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Improved North Bay reservoir levels a hopeful sign for 2022

Other North Bay reservoirs fill up

Lake Hennessey, Napa County: 28,169 acre-feet, 91% capacity

Lake Berryessa, Napa and Solano counties: 1.02 million acre-feet, 63.7% capacity

Marin County reservoirs: 73,714 acre-feet, 92.7% capacity (122% of average)

Sources: Napa County, Solano County Water Agency and Marin Water

Winter rains have bolstered water storage in the region’s two key public reservoirs, reversing months of decline and starting off 2022 with hopes for a less-uncertain year ahead.

A lot depends on how the remainder of the rainy season shakes out. After rain this week, the forecast calls for dry weather later this month, followed by months in which the North Coast stands an equal chance of above-normal and below-normal precipitation under La Niña atmospheric conditions.

National Weather Service meteorologist Brian Garcia said there were some promising signs for normal rainfall later this month into mid-February that could “lock in some of the early winter gains.”

But already, there’s more water in Lake Mendocino than there has been for over a year, while Lake Sonoma has risen to 60% of its water supply capacity.

“So far, things are encouraging,” said Don Seymour, principal engineer with Sonoma Water, a wholesale supplier providing water to more than 600,000 people in Sonoma and northern Marin counties.

The picture at the two reservoirs is quite different, given their relative locations and size. Lake Mendocino is smaller and collects from a smaller watershed, where about a third less rain has fallen this year so far. As always, it remains in a more precarious situations than its larger cousin.

Lake Sonoma is well over twice the size and is fed by the coast range, which consistently receives some of the area’s highest rainfall totals.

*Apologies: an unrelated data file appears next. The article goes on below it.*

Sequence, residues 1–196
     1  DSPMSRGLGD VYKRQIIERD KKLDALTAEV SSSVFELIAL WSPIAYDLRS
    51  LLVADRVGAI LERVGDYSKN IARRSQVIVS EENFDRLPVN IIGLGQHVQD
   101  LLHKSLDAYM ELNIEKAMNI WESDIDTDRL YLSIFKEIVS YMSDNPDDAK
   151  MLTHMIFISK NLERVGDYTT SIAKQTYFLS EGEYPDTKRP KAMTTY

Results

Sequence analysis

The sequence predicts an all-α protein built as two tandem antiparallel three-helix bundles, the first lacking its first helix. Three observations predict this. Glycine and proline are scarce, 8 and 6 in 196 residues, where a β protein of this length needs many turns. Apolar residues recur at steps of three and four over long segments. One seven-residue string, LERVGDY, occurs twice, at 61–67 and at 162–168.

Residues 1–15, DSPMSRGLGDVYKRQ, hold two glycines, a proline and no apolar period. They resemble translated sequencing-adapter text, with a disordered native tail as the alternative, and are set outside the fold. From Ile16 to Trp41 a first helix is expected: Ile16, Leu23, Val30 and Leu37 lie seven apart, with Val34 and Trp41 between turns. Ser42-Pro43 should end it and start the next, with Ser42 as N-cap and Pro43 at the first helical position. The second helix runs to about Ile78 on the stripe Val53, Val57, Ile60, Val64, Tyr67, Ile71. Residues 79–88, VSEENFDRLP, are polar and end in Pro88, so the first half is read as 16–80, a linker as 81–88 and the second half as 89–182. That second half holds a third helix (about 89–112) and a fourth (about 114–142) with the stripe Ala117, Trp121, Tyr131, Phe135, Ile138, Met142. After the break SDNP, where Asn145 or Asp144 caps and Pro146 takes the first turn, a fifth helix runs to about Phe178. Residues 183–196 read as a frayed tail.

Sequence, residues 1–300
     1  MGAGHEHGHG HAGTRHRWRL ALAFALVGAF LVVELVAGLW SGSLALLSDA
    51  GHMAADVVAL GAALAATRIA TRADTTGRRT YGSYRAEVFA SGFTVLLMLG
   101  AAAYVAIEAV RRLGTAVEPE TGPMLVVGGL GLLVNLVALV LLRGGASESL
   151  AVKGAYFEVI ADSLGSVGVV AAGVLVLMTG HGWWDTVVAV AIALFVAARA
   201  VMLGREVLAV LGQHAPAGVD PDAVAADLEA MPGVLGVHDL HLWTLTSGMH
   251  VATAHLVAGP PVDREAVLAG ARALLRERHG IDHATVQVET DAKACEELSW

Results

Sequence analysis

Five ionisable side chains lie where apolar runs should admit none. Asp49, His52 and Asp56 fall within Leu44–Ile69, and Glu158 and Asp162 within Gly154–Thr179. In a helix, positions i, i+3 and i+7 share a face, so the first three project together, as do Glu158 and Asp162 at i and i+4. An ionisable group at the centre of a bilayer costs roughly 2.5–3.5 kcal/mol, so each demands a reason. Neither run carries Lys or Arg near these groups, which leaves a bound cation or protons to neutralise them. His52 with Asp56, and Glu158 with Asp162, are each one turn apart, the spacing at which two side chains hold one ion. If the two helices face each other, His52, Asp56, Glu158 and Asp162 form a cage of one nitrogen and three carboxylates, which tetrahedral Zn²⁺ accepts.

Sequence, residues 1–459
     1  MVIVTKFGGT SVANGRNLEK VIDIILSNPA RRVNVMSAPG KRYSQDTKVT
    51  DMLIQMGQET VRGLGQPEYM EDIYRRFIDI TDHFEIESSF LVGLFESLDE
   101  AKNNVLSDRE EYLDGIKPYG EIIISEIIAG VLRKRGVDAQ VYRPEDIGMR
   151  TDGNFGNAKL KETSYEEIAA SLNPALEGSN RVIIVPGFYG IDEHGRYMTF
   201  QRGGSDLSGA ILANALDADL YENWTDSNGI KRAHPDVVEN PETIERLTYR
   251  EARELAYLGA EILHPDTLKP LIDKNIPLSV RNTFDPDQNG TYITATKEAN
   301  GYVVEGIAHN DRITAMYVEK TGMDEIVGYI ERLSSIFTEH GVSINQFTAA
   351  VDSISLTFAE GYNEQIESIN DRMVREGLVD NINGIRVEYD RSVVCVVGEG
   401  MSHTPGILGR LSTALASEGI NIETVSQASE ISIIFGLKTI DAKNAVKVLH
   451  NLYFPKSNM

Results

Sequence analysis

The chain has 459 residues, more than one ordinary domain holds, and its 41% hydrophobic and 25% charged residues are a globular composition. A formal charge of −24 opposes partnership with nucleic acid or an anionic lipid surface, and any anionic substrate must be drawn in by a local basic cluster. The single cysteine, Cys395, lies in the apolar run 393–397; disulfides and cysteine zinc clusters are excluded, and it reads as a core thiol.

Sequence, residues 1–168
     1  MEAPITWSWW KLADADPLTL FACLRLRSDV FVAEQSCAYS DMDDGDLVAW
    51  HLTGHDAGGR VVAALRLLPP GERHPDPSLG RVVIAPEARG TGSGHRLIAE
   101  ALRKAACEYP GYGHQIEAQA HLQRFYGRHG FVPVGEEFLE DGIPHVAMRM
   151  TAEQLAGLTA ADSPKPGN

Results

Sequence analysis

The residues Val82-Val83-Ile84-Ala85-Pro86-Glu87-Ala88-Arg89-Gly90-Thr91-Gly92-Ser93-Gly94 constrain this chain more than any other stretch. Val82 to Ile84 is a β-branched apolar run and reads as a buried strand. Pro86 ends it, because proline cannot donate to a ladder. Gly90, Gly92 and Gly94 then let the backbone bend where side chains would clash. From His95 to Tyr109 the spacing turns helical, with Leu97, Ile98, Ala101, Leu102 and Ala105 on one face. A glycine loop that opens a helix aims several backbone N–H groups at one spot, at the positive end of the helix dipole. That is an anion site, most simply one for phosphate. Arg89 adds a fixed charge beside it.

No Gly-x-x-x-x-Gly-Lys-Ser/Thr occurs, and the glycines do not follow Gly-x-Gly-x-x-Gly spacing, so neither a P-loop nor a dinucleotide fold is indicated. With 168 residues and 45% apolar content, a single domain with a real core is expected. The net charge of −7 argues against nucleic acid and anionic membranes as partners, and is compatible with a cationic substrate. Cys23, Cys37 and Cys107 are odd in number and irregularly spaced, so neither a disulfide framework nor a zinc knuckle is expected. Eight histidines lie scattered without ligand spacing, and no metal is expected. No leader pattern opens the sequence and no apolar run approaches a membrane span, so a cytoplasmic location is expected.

But two years of extreme drought strained the entire region considerably, forcing conservation measures on consumers and depriving agricultural practitioners of adequate supplies, as personal reserves ran out and access to public resources was limited.

Both lakes Sonoma and Mendocino started the summer at the lowest levels they had ever reached for that time of year. State regulators eventually curtailed withdrawals from the Russian River, primarily to preserve storage held behind Coyote Dam in Lake Mendocino amid fears the smaller reservoir would run dry if no rain came.

The lake was approaching its lowest level in history, when an atmospheric river came through in late October, drenching the region and reintroducing residents to the concept of a wet winter.

The water year, which starts Oct. 1, has so far delivered about 21½ inches of rain to the Santa Rosa area ― more than fell in all of 2019-20 or 2020-21, when 19.35 inches and 13.01 inches, respectively, fell between Oct. 1 and Sept. 30, measured at the Charles M. Schulz ‐ Sonoma County Airport.

Lake Sonoma now holds about 147,000 acre feet of water ― about what it did in early May, before the punishing, warm summer months began. Two years ago, the reservoir was above 218,000 acre feet. (An acre foot is 325,851 gallons, or enough water to cover an area about the size of a football field with a foot of water. It would supply almost 3½ water-efficient California households for a year, according to the Water Education Foundation.)